Jul 6, 2012

Tension

Hoping he doesn't get shot!
Not sure I've ever seen a cowboy with
this style of hair
About a week ago, I caught the tail end of a Bonanza episode where there was a case of mistaken identity and Little Joe was about to get shot in front of a firing squad.  I have spotted several episodes of shows from this period where most of the tension is created by the background music - no one really thinks Little Joe is going to get shot even though they do pan out to show the men on horses riding as quickly as they can.

Think about the old movies - the woman screaming is blah, the creepy guy around the corner is seen by everyone but her and there just isn't the shock factor.  Sure, technology has changed things...

Then I read reviews on books that people love except they could figure out what was going to happen so the book gets demoted to two stars.  This is also something I have discussed with my CP's, trying to figure out if there is still a market for stories about people - not something that has the stakes of the loss of the world or a civilization.

What should to role of modern tension be in stories?  Do we really feel like, if we aren't shocked at what happens in a book or movie, that we are disappointed?  Seriously - when you go to an action movie, don't you pretty much assume the good guy will win?  Or the guy will get the girl?  Or the people will find a way to rally to defy the odds?

So why are we let down by a story that doesn't shock us?  Just how high do the stakes have to be now?

Have you ever thumbs downed a book over tension?  Is tension the most essential part of a story?  

16 comments :

S.P. Bowers said...

Some books are predictable and have no tension and that bothers me. But in those books there are generally other issues. The characters are cardboard, the conflict easily resolved, etc.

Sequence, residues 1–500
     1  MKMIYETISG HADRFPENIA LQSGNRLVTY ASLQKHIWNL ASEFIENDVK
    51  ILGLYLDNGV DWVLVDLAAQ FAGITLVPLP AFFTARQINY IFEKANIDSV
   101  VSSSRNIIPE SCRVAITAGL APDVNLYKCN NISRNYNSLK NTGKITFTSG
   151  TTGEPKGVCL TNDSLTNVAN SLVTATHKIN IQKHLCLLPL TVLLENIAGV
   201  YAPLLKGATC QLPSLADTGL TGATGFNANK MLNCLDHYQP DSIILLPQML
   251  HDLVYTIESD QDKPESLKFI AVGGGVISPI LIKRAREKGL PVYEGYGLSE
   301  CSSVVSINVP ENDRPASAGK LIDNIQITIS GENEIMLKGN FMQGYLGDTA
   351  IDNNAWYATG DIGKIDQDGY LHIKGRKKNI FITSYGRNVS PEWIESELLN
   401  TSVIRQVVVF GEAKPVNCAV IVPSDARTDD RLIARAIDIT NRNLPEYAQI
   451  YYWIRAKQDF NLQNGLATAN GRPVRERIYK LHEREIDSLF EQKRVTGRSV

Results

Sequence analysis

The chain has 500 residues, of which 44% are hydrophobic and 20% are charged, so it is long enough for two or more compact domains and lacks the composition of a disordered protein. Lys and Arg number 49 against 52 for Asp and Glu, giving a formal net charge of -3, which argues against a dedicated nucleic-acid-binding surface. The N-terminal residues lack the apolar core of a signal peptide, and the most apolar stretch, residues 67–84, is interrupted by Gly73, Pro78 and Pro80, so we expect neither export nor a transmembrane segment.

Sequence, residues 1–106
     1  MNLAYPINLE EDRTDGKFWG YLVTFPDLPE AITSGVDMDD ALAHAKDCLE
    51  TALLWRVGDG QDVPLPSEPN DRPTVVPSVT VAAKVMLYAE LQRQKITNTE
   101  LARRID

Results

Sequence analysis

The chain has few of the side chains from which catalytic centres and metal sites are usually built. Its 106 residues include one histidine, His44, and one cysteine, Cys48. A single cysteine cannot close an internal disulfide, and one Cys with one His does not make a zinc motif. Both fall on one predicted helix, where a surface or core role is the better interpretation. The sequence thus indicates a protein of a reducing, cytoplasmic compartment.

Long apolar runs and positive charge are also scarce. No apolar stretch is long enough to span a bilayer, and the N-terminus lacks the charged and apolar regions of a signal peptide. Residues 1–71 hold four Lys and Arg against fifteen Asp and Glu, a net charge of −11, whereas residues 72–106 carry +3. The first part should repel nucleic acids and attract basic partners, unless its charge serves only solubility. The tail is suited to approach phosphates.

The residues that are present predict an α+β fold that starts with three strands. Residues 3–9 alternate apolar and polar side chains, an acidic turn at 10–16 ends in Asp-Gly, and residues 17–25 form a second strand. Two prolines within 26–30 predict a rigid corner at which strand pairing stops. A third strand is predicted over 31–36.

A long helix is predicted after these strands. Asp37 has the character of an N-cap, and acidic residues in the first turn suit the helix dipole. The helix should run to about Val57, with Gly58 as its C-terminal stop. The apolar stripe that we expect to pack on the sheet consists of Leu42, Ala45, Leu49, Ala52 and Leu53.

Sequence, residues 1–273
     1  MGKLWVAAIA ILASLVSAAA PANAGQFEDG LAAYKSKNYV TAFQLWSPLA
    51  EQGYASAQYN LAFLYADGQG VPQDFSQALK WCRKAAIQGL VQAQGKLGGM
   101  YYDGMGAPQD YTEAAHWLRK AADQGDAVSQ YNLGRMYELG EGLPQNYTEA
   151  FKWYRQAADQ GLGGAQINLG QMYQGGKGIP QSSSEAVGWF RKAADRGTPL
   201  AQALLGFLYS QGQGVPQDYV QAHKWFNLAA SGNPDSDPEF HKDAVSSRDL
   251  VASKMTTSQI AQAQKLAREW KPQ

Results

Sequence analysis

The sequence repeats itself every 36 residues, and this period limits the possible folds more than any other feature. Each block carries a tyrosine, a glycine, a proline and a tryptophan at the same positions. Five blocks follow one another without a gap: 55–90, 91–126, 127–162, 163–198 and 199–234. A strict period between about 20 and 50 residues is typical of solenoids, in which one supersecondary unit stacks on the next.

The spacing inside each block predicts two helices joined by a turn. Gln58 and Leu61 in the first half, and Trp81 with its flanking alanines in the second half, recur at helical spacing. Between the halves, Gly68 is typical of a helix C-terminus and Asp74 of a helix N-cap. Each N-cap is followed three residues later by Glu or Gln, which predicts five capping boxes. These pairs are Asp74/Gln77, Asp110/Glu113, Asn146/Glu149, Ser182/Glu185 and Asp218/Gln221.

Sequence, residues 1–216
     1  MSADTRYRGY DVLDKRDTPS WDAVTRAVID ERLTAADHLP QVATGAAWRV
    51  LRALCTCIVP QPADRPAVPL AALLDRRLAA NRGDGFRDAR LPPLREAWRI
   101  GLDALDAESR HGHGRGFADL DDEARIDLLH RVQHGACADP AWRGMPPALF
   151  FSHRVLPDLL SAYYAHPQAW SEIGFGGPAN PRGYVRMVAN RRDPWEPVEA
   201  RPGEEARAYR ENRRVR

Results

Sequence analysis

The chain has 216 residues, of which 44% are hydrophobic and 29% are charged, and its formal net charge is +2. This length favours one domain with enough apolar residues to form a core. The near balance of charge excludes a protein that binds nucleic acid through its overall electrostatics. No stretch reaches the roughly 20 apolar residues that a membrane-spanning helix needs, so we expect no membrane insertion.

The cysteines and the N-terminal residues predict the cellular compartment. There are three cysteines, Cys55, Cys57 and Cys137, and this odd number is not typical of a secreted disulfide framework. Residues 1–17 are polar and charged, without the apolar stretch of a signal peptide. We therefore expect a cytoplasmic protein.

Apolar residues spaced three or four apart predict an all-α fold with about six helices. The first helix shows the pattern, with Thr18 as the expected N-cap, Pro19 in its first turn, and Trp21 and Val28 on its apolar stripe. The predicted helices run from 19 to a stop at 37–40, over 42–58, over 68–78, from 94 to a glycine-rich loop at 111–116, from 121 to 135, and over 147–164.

There are a lot of books that I enjoy, even loved, even though I knew what was going to happen. I believe that reading is the journey. And we can enjoy a journey even if we know the destination.

You're right of course. There are a lot of people who believe if they've figured it out it's not worth reading. It makes me sad.

Alex J. Cavanaugh said...

Even if we know what's going to happen, a good book (or movie) can still provide great tension. We also have to be invested in the characters.

L.C. Frost said...

^ going off what Alex said, I think our emotional investment has a lot to do with it. But genre fiction has certain archetypes, certain patterns, and when you read too much of the same type of story obviously the twists are not going to surprise you. At this point I get annoyed that people review a book and knock it because *they* are tired of the genre archetypes, which is no fault of the author's.

Andrew Leon said...

There's a difference between knowing what will happen and being predictable.
For instance, in any TV crime show, you know what's going to happen: the good guys will catch the bad guys.